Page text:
Friday was a “very special day” for Vietnam veterans, according to a veteran’s motorcycle club member.
Slew Brzeski, from Vietnam Veteran’s Motorcycle Club, said Vietnam Veterans Day was 110 per cent more important to him than other commemorations.
“Paying your respects on Anzac Day and Remembrance Day is one thing, but today, being Vietnam Veteran’s Day, makes it our own thing,” Mr Brzeski said.
“It’s lovely to see the amount of people who turned up compared to a lot of our blokes, the Vietnam veterans, who came home unrecognised.
“It has taken a long, long time to get recognition of what we did in Vietnam compared to any other conflict.”
Held at Royal Park, more than 150 people attended the service, including widow Valerie Ferguson.
“I think it’s very important they’re not forgotten,” Ms Ferguson said.
Vietnam Veteran’s Association Launceston sub branch president Kerry McCormick said the day was about including everyone.
“It was formally known as Long Tan Day, but the name was changed to Veterans Day to include everyone,” Mr McCormick said.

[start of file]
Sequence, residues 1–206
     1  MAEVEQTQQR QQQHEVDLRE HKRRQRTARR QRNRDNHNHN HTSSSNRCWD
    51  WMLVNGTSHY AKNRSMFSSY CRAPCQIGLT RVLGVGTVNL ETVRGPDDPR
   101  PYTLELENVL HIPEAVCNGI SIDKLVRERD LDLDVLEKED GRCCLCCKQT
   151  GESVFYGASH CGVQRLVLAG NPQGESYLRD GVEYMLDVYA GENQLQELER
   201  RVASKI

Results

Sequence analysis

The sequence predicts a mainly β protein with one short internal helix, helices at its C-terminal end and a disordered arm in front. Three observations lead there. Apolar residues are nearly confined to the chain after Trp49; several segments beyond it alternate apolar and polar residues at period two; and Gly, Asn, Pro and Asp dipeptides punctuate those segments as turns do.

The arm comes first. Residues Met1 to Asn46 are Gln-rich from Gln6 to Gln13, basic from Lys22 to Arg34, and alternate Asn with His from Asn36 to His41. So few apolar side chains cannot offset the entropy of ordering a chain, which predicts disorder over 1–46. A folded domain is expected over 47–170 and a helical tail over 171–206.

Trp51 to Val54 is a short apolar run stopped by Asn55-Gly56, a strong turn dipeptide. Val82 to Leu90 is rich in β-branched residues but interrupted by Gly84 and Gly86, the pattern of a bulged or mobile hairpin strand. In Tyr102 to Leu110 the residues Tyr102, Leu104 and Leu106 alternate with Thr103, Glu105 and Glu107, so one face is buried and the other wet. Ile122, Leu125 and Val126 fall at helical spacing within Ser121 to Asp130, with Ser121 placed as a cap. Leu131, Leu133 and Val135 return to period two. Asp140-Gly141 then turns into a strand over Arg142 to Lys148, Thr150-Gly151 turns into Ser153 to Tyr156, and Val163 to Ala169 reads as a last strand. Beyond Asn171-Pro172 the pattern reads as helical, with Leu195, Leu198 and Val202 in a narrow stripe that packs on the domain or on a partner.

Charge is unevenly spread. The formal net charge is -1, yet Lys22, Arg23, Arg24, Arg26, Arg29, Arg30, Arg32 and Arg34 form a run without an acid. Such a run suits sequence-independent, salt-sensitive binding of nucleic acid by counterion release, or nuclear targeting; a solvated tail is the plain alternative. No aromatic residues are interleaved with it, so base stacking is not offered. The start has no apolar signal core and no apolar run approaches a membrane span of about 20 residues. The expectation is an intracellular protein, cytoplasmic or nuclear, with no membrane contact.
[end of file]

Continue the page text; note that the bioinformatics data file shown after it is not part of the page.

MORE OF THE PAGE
“It’s a remembrance, a show of respect and mateship.”
Vietnam Veterans Day commemorations are underway in Launceston. https://t.co/vRySJBZGDE— Tarlia Jordan (@tarliaj14) 18 August 2017
The service heard from a number of guest speakers about the day means to them.
Vietnam Veteran’s Association state president Brian Harper said without support from the community the veterans would have had a harder fight.
“We are here together … we’ve tried to help the community understand what we went through and we will continue to do so,” Mr Harper said.
Riverside High School choir sang True Colours to the crowd, and another student, Jessica Faulkner, read a poem. Attendees also heard from City of Launceston mayor Albert Van Zetten.
After the ceremony, the RSL served a lunch and held a dedication to the veterans.
“What we do is get photos of past Vietnam veterans and put them on the wall with the date they died,” Mr McCormick said.
“This day is very important. It’s the same as the World War l and World War ll diggers. They used to have their own get togethers at different times. We do this to show respect to our fallen mates that served with us in Vietnam.
“We will not forget them.”
It was the 51st Vietnam Veteran’s Day.